A new colony of Adélie penguins has been discovered near Antarctica, substantially increasing the known populations of the knee-high creatures.
“It’s always good news when you find new penguins,” said P. Dee Boersma, director of the Center for Ecosystem Sentinels at the University of Washington, who was not involved in the study. “The trends have not been good for so many of these species.”
Previous censuses of penguins had come close to these animals, living on the Danger Islands off the end of the “thumb” of Antarctica, below South America. But satellite images of the islands revealed the pinkish-red stain of penguin guano, suggesting larger colonies than expected, said Heather Lynch, one of the five primary investigators on the new study, published Friday in Scientific Reports.
After years of preparation, a team of researchers traveled in 2015 to the Danger Islands to do a more precise count on the nine-island archipelago. Using a drone doctored to work in the extreme climate, the researchers were able to get a precise estimate of the numbers of breeding pairs of Adélie penguins in the region: about 750,000 (or 1.5 million individuals).
“The drone imagery is of a quality that just blows everything else away,” said Lynch, a quantitative ecologist at Stony Brook University. “You can see each penguin.”
Lynch said researchers had known about a population on Heroina Island, at the northeast end of the Danger Islands chain. Now they’ve found that sizable populations live on other islands near Heroina. “These new colonies totally change our appreciation of the Danger Islands as a penguin hot spot,” she said.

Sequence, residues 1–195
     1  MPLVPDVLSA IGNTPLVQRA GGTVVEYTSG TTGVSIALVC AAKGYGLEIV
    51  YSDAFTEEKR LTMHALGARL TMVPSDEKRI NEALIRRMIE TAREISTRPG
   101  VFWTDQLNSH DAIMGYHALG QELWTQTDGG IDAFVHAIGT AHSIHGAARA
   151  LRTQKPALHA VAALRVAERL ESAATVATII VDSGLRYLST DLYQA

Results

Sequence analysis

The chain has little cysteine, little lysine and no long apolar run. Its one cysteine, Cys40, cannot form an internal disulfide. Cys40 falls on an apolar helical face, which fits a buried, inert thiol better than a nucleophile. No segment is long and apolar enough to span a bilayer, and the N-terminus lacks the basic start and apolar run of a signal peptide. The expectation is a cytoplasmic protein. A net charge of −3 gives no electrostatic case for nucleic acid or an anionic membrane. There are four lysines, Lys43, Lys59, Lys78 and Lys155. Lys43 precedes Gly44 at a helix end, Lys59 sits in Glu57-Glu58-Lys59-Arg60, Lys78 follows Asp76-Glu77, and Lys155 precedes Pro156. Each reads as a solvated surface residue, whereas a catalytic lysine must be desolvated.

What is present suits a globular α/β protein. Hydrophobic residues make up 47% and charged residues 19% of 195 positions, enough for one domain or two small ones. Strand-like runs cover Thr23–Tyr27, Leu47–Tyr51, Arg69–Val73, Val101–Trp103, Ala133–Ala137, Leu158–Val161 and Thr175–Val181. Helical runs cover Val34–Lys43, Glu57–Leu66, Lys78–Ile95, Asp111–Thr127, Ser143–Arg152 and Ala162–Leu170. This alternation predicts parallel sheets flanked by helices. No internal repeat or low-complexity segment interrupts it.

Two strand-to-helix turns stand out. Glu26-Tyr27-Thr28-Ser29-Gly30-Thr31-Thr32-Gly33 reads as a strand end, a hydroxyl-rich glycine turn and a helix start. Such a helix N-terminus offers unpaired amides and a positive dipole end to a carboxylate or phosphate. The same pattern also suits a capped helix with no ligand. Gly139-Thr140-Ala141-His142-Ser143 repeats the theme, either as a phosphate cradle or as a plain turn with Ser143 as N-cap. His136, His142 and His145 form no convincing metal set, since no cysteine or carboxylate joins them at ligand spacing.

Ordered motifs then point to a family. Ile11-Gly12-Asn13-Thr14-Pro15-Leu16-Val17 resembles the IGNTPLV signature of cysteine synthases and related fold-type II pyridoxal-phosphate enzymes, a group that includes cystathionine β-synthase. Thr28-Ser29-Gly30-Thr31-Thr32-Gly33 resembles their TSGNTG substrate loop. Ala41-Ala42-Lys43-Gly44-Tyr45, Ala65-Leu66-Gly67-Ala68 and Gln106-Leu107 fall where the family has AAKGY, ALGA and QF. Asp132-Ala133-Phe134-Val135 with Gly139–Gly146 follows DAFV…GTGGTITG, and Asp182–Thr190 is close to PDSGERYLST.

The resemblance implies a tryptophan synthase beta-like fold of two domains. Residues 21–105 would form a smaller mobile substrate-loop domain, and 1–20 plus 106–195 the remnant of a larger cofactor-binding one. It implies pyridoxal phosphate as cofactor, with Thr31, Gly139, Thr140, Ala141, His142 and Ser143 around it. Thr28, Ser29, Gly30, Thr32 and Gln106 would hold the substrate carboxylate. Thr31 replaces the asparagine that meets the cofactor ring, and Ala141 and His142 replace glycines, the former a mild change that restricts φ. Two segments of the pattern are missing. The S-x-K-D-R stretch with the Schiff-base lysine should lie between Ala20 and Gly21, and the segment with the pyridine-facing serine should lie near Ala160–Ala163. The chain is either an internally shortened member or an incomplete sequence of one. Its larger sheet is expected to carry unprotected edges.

The greater numbers will help ensure that conservation efforts focus on keeping them safe, she said. Until this discovery, the Danger Islands “wasn’t considered a high priority for protection,” she said.
Boersma, who also is a co-chairwoman of the Penguin Specialist Group for the International Union for Conservation of Nature, agreed that finding penguins in some of the more remote spots on Earth is crucial. Now, she said, researchers need to watch them over time to track how they’re faring.
One of the surprises of the study, Lynch said, was that the Danger Islands penguins don’t nest in a circular pattern, as would be expected, to provide the best protection from predators. Instead, they seem to be faithful to individual nesting spots, prizing habit over safety, she said.
The Adélie are not recent migrants to the Danger Islands. Photos taken in 1957 by seaplane show colony boundaries in virtually the same locations — now that researchers know what they’re looking for.
The discovery of so many new animals has raised questions about how they’re finding enough food. “What it is about the ocean right in that region that makes it so productive, is something we’d like to figure out,” Lynch said.
The global Adélie penguin population now numbers about 4 million pairs and has nearly doubled over the past four decades, for unknown reasons, Lynch said. But the population along the Western Antarctic Peninsula — one of the most rapidly warming places on the planet — has dropped substantially, she said.
Adélie are one of two penguin species that live on ice, and thus in some of the coldest places on Earth. “Ecologists worry about having all your eggs in one basket,” Lynch said. “We have a second basket now on opposite ends of the continent.”